strawberry jam tutorial
One of the best things about the British summer is the strawberries. I love them. There seems to be a glut at the moment and all the shops are slashing their prices. With the season for my favourite variety Elsanta almost over, I went out and bought up a few punnets. The resulting jam was rather tasty and I thought it would be good to show you how I made it so that you can too.
The recipe is an old family one which is tried and tested by four generations. Although it was originally written in imperial measurements, I’ve converted it to metric as that’s what we’re using in the UK these days and it makes it easier for buying your supplies here.
Hull and quarter the strawberries and put them into the preserving pan. At this point also place a saucer in your fridge to cool and turn your oven to approx 150 degrees celsuis.
Weigh out the sugar and add it to the pan, along with the lemon juice, water and pectin.
Mix the ingredients and bring to the boil, stirring occassionally to make sure all of the sugar is dissolved and to prevent the jam sticking to the bottom of the pan.
While the jam is coming to the boil, wash your jars in hot water, dry and place in a hot oven to sterilise. You can use any jars, so don’t throw away any from your shop-bought goods.
Let the jam boil steadily for about 15 minutes before testing it to see if it has reached setting point. Spoon a little of the boiling jam onto the chilled saucer and leave to cool for 10 seconds or so.
If the surface of the jam wrinkles when you push it with your finger, the setting point has been achieved. If not, boil the jam for a little longer and test it again. It should not need to be boiled for longer than 30 minutes.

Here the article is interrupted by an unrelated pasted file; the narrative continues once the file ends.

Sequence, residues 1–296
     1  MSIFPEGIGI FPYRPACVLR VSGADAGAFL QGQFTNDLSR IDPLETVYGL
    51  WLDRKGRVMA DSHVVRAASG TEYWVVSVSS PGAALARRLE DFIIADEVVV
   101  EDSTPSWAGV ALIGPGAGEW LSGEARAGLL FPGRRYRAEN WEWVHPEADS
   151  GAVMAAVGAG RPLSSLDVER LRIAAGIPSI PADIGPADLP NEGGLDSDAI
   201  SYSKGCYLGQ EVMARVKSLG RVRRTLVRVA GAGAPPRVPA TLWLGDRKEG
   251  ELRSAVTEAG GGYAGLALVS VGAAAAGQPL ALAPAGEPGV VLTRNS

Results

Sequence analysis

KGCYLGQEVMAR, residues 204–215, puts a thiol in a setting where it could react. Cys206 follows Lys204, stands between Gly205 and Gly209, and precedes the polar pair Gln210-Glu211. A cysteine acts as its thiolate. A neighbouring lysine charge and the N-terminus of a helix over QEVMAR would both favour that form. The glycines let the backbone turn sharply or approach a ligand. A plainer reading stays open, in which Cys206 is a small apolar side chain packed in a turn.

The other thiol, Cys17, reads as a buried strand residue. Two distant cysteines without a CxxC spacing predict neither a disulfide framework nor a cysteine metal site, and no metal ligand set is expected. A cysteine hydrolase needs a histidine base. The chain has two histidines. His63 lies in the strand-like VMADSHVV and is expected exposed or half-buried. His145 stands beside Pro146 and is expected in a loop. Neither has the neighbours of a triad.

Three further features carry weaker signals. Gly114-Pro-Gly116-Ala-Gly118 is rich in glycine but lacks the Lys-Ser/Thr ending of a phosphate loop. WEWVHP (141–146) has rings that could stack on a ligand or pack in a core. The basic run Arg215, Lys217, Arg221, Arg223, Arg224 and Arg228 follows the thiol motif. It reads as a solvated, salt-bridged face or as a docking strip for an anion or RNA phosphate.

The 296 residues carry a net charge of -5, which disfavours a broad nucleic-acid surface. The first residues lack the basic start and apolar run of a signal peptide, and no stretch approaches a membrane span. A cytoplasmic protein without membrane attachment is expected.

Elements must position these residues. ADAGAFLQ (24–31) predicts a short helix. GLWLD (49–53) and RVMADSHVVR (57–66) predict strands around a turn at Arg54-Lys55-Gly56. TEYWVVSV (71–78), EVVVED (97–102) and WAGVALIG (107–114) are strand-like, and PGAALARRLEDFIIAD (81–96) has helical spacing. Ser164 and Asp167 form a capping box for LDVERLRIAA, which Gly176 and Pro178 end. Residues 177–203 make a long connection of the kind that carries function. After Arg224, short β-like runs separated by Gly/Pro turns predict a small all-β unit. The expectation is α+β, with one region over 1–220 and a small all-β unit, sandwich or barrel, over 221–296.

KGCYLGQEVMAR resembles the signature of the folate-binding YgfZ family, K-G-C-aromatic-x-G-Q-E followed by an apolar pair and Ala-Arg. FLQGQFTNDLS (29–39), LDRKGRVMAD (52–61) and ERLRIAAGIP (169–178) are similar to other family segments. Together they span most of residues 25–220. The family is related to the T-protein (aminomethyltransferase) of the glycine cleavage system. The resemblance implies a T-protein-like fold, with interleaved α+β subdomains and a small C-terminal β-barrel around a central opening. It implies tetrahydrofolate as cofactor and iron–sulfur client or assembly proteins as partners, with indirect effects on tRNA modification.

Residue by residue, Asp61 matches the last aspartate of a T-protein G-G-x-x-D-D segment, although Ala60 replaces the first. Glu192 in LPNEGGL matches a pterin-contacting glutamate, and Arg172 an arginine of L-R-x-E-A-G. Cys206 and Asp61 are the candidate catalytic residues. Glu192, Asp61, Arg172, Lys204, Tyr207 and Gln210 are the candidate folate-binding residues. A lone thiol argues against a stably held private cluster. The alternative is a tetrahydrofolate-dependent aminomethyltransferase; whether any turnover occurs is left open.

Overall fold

Turn off the heat and stir in a little butter or margarine to help remove any film. Some may need to be removed with a slotted spoon. Leave to stand and cool for about 30 minutes. This prevents the fruit sinking to the bottom of the jars when decanted.
Ladle the jam into the sterilised jars using the jam funnel before sealing with jam pot covers or lids. In Britain you can buy packs of jam pot covers comprising wax disks, cellophane covers, elastic bands and sticky labels. I use these, but you can also buy jars with lids. I believe there is a different canning system in America which uses special jars and lids, so use whichever way you are happy with.
Personally, I don’t like the look of the cellophane lid, so I like to cover it with some fabric too. I used some scraps from IKEA today.
Be sure to also mark your jam with the date it was made and show off that you made it too.
Lastly go and find some crusty bread and enjoy it!
The finished article: IngridNation’s Time Travelling Strawberry Jam
If you were wondering, the name comes from a Twitter conversation with @alliekbean that I had while making it. It started like this…
@InnyM: There’s a particular point when making this that the smell changes to intense strawberry jamminess and sends me hurtling back in time…
..and continued in a sea of Dr Who references. That there are Torchwood specials on BBC1 all this week too adds further to my justification in naming it. I only wish I had some TARDIS-blue cloth for the tops.
Please do use the recipe and tutorial to make jam for your own consumption/charity fundraising, but please do not use it for commercial purposes or reproduce the tutorial without first seeking permission and linking to this blog.
Copyright © Ingrid Murnane 2009. All rights reserved.